Is this an example of something? Different kinds of customers between the two companies? Different types of calculations used due to this? Now this poster's example of how much his sibling's FF result and map differ from his even though they the same biological parents is a possible example of something similar to your question concerning your child Kathryn's anomaly:

http://www.anthrogenica.com/attachment.php?attachmentid=11975

He speaks of it here, important so I'm not taking his family's genetics out of context. Post #456: http://www.anthrogenica.com/showthread.php?827-Where-did-DF27-originate-and-when-and-how-did-it-expand&p=224946#post224946

Anyhow, that's what DNA.Land just did to me. All three tests, FTDNA's myOrigins #1 and #2, coupled with DNA.Land's fabulous interpretation of my internals, have given me a lot of new conversation. That's fun, it's all good. And, thank you for sharing the ambiguous results of your family's. This next is detailing the change in an acquaintance's myOrigins which I purchased for her as a gift along with an mtDNA test. You'll easily see just how much her results have changed, and since she's Swiss I'd really like to upload her to GEDMatch and DNA.Land for comparison, but I won't as I've yet to get her permission for that. Her old myOrigins with 99% European:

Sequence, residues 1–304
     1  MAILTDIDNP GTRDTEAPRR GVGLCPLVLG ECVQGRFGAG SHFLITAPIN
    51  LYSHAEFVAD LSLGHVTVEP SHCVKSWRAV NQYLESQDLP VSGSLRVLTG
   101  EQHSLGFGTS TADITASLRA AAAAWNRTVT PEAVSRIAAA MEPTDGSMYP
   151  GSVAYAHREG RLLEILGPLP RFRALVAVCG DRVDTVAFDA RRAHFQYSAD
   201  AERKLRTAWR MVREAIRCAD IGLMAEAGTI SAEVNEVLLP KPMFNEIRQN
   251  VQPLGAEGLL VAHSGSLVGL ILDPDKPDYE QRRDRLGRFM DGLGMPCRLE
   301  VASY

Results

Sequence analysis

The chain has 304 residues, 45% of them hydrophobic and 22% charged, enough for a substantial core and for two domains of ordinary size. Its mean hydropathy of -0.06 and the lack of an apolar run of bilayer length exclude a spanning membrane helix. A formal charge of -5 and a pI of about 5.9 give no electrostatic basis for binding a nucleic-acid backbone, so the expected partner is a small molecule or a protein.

56% Southern Europe
39% Scandinavia
4% British Isles followed by 1% Central Asia.

New, still 99% European but the missing 1% is now unaccounted for:

48% West/Central Europe
25% Southeast Europe
16% British Isles
10% Scandinavia

See that originally she had no West/Central Europe; now that region's where she maxed out.

An edit: I found this, it's about a year old: https://medium.com/@dl1dl1/the-new-ancestry-report-f2844384259b

I've read in a couple different places now about DNA.Land using a "different algorithm." OK, going by the example given of Mr. Erlich's results you'll see he has a West Eurasian result of 100% even though he's got Arab/Egyptian 5.3%. Could that be part of an Indo-Iranian immigration event into Europe in the deep past? My guess is no as this population is listed separately from the Indo-Iranians.